Atmosphere of dejection prevails, people feeling let down by government: Yashwant Sinha
Sinha, who quit the BJP recently alleging that there was a "threat" to democracy under the current dispensation led by the party, hit out at the Narendra Modi government over a number of issues.
CHANDIGARH: An atmosphere of dejection was prevailing among the people of the country, who were feeling let down by the unfulfilled promises made by the government, former Union minister Yashwant Sinha said today.
Sinha, who quit the BJP recently alleging that there was a "threat" to democracy under the current dispensation led by the party, hit out at the Narendra Modi government over a number of issues at a "meet-the-press" programme here.
Another disgruntled BJP leader, Shatrughan Sinha, was also present at the programme.
The former Union minister, who has been a vocal critic of the current BJP leadership and the government led by the party, had launched a political action group called the Rashtra Manch earlier this year to bring together politicians from across party lines to take on the ruling regime.
He today said the Rashtra Manch was a movement for the betterment of the country.
"There are many issues the country is facing today. When we interact with the people at the grassroot level, we find an atmosphere of dejection. People are dejected because the promises made to them at the time of elections have not been kept," the veteran leader said.
He added that in the 2019 Lok Sabha polls, the Modi government would be judged on how much it had delivered on those promises and not on "what happened during Pandit (Jawaharlal) Nehru's or Indira Gandhi's or Manmohan Singh's time".
Sinha (80) said the current BJP was no longer the same outfit as it used to be during the time of leaders like Atal Bihari Vajpayee and L K Advani.
"I had never faced any difficulty while working in the party under them. However, in the past four years, I felt that the party's internal democracy was gradually coming to an end and it has become a puppet in the hands of two people, like the government too has become a puppet in the hands of these two people. This is not the party I had joined in 1993, this is not Atal and Advani's party," he said.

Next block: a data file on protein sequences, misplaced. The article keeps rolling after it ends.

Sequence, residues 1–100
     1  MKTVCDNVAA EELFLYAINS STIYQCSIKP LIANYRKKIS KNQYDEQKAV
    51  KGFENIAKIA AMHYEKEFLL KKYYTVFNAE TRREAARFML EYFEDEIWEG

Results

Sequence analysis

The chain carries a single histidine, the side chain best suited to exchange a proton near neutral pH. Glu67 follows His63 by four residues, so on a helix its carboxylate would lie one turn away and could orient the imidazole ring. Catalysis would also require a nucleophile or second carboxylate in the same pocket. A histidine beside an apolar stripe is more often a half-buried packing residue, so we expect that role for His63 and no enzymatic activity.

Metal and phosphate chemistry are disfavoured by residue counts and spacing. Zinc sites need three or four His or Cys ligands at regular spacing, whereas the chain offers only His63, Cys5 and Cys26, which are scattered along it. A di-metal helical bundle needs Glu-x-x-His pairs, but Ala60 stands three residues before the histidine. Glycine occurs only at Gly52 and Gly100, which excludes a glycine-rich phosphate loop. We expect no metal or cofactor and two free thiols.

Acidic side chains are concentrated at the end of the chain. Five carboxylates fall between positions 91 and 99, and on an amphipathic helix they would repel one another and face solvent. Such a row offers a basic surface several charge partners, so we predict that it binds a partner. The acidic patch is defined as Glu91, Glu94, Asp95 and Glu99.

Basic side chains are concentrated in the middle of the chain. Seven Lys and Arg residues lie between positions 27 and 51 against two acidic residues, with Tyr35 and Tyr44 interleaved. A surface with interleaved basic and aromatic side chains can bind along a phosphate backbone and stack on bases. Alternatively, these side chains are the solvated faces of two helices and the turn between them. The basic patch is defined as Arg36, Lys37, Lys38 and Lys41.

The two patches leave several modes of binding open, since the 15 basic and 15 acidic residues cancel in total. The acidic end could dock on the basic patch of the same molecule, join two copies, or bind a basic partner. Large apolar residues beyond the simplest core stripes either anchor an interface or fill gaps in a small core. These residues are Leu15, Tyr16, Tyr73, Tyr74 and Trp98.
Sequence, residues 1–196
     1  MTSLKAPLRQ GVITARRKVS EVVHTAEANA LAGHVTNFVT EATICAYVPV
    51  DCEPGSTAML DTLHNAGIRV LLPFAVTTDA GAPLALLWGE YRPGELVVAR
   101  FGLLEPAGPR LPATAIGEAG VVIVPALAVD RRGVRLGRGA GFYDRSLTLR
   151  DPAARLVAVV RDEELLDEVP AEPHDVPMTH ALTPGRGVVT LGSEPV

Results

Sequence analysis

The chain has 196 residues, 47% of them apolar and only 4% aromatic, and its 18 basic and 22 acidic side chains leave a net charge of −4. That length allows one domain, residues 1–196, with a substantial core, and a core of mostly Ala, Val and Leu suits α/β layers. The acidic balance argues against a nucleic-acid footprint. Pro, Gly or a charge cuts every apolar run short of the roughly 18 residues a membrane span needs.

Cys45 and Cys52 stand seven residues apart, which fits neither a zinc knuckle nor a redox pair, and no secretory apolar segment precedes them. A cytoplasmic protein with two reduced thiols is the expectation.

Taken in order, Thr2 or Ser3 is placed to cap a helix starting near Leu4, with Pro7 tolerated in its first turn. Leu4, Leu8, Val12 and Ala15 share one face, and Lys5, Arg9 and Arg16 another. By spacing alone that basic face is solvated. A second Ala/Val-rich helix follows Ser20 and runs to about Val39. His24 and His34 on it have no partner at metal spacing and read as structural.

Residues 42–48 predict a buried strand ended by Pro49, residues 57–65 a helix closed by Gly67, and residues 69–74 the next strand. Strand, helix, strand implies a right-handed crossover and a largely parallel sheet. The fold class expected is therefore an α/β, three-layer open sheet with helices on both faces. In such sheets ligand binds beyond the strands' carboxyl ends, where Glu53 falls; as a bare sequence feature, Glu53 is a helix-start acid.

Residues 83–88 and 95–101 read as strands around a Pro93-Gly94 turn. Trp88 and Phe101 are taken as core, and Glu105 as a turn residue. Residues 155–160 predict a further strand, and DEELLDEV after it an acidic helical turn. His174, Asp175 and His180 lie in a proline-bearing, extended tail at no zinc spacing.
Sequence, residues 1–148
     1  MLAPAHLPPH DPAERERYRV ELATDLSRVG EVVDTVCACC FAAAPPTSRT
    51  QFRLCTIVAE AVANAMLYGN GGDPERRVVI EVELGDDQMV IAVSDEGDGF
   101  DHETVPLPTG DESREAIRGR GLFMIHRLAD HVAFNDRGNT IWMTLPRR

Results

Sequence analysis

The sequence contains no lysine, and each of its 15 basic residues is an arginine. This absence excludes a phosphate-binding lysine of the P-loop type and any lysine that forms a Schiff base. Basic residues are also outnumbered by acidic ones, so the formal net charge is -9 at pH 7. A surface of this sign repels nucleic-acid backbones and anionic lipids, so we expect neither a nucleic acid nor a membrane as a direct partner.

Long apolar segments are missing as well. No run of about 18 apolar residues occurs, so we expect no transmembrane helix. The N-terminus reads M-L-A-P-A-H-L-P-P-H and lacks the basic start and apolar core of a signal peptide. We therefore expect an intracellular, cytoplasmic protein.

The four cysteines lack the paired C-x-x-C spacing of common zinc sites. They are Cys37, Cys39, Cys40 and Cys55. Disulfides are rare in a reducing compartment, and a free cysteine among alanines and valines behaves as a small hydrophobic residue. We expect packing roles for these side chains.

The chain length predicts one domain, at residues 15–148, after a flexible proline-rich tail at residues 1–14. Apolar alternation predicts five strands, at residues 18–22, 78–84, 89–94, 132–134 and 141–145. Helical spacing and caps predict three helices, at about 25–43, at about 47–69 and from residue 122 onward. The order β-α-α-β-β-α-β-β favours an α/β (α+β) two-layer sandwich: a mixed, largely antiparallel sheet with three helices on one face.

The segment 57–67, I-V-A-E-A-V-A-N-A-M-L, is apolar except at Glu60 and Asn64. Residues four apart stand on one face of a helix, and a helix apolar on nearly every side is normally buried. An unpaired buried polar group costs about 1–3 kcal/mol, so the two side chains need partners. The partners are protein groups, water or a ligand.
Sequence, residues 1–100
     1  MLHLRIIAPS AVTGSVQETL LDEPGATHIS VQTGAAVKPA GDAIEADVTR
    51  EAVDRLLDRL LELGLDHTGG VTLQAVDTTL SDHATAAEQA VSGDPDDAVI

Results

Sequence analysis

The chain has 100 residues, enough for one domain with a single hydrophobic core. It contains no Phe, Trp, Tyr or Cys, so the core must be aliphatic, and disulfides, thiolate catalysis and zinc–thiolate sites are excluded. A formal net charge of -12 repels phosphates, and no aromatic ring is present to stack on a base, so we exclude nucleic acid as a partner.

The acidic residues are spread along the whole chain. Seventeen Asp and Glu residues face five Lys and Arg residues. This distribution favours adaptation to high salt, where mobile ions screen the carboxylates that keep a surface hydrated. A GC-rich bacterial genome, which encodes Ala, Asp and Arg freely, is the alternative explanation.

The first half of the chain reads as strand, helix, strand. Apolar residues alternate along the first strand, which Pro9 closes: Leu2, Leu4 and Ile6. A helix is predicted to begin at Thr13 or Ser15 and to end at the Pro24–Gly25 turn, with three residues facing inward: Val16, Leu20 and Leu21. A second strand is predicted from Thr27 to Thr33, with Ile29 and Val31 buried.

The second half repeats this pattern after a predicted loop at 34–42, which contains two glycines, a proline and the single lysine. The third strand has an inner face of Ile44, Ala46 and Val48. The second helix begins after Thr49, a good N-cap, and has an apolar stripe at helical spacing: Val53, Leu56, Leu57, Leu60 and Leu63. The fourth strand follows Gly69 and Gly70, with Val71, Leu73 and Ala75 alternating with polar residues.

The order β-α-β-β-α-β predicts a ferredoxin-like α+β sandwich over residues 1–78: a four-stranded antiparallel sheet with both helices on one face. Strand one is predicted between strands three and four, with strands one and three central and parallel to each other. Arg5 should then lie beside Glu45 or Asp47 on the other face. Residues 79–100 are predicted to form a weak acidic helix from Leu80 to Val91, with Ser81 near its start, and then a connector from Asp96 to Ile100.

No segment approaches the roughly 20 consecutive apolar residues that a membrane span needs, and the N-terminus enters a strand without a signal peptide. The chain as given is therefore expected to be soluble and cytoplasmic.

On the political developments post the Karnataka Assembly polls, Sinha said gone were the times when the BJP used to actually hold a moral high ground in such situations.
He added that former Himachal Pradesh chief minister Shanta Kumar had once recalled an incident from 1982, when Vajpayee had told the BJP leadership in the state not to stake claim to form the government, after the saffron outfit ended up winning 29 seats in the 68-member Assembly and also had the support of six Independents, as against the Congress's tally of 31 seats, lest the impression went out that the party was indulging in any kind of horse-trading.
"Today, what happened in Karnataka, everyone has seen. It was as clear as daylight that we (BJP) will have to indulge in horse-trading and in whatever way, get those MLAs (from other parties) to support us, in violation of the anti-defection law. Yet we were talking about moral high grounds. Is this the party of Vajpayee and Advani? It is not," Sinha said.